Hit by the Snowcal Blues

I am done. I really thought that the Sierra Nevada was hard, but Norcal proves me wrong.

We don’t have the NorCal Blues. Since finishing the Sierra section, the snowless sections of NorCal are beautiful and feel like a whole new world, but the snow just won’t stop.

Aloha Lake. The snow won’t let us go.

We would love to do more daily miles and we also have to do, to reach Canada on time, but on the last 100 miles, we simply couldn’t.

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I am already sick of the snow since Sonora Pass. Somewhere back then deep inside of me, my hate against snow began to grow.

I have the Snowcal Blues

Since Tahoe, it got even worse because the snow plays with us. It is an on/off story. You hike a few miles on a dry trail and feel like you’re flying, but only until you come around a corner and stand in front of a six m high pile that you have to climb again.

A mix of dry and snow all the way since South Lake Tahoe

Since the nature of the trail changed since the Sierra, we are now facing even more steep tree-well traverses on high mountains. And of course, the trail is always buried.

It gets even absurder.

On the way to Truckee, the Trail was buried, while EVERY other side trail was snow free.

But wait there is more

You can’t even guess on the map where there is snow free trail. There might be a West faced ridge line that is completely covered in snow, while the north-faced dark valley behind it is almost snow free.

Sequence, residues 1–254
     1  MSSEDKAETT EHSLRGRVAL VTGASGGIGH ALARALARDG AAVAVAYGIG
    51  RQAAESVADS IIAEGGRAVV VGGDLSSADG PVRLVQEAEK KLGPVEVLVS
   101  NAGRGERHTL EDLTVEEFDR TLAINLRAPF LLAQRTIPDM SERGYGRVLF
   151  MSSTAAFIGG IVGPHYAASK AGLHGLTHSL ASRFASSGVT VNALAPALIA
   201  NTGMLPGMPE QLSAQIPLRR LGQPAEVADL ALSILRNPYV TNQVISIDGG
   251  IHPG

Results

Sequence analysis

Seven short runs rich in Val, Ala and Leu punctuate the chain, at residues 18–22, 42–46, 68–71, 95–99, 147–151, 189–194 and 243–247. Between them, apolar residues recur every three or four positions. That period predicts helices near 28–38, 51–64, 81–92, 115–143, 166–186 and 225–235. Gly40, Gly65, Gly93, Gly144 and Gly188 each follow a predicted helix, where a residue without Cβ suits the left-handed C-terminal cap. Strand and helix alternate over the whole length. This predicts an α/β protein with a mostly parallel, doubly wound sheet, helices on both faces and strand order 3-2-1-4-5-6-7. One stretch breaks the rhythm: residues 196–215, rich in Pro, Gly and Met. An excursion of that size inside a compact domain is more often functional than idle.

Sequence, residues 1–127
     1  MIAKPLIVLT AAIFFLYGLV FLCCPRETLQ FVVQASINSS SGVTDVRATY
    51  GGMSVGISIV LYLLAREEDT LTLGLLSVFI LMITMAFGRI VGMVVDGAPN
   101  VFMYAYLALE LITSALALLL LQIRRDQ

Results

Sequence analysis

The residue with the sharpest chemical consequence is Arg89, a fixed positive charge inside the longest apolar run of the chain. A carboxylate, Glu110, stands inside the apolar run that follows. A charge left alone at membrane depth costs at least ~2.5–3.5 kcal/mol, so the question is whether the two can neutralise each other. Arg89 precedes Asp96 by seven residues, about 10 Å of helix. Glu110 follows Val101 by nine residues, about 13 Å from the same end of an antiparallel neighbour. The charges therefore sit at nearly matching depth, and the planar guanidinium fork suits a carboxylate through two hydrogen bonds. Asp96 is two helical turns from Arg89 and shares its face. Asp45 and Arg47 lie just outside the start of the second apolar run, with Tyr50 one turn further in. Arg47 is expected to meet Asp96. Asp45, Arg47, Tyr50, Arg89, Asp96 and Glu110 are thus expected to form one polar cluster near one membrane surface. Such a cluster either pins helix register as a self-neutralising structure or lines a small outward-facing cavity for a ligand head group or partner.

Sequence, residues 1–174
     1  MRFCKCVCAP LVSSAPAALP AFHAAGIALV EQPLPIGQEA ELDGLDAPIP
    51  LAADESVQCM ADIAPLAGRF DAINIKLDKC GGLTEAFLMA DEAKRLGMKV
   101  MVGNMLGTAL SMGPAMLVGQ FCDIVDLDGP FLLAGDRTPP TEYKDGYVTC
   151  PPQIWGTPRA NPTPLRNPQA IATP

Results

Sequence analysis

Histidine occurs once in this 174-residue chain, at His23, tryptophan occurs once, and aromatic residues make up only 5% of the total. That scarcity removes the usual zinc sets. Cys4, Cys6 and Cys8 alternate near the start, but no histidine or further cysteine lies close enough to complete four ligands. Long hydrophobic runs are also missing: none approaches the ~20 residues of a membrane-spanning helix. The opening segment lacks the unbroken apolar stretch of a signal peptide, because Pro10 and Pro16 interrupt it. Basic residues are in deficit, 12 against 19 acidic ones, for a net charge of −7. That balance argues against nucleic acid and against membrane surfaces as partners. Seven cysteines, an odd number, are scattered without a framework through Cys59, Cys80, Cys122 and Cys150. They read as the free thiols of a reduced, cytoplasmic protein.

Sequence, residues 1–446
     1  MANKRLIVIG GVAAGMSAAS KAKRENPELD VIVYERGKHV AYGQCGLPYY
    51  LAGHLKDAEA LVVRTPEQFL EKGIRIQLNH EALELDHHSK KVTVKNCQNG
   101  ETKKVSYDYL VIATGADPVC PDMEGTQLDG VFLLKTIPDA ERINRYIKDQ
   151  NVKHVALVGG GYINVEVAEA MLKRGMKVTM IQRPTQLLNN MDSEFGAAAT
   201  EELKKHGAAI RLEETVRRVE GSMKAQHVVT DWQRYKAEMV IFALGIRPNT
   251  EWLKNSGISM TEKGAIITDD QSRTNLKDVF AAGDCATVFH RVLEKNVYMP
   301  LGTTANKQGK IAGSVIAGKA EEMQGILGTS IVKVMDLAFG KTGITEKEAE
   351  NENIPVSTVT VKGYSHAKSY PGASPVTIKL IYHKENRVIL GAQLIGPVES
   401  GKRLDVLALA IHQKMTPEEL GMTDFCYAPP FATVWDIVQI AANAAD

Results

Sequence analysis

All these broken hopes and plans again and again, in combination with 13-hour hiking days in high temperatures, make us come to our mental limits.

The bugs are here!!

I am exploding really fast. Especially when that stupid bear canister on my back tries to kill me.

I was catapulted onto the ground three or four times, just because I slipped and the high weight immediately forced me in that direction.

NorCal, you are so beautiful

It is sad to feel this way when you are walking through the most beautiful landscape. The dry stretches are extremely beautiful. Greens and flowers (and bugs) everywhere. Little creeks mumbling down the hill, the crossings are more like a relaxing foot bath to cool down our hot bodies.

A rare sight: Hikers and Skiers next to each other

But there are better days ahead. Today we sent all our snow gear, except for the spikes. We also sent the bear cans. Our packs are finally back to the weight they had at the border of Canada.

It is also nice to not sit shaking in the sleeping bag at 4:00 a.m. after bringing the bear cans to the tent, but not without putting on soaking wet socks before. The mornings now are warm, dry, and toasty.

Sorry to rant that much, but it is not all fun and games out there, and I would also like to share that. Especially when you have nothing else to think about 😀

A hero we don’t deserve but need right now

We were also lucky, that “Mamacita” (or should we call her “Whiskey legs” from now on?) forgot her bag of tent stakes at Carson Pass and trail angel Laurence picked them up. He met us at Donner Pass, but not without offering us drinks and snacks, we could also recharge our power banks. The still steady navigating through the snow fields drains the phone batteries fast.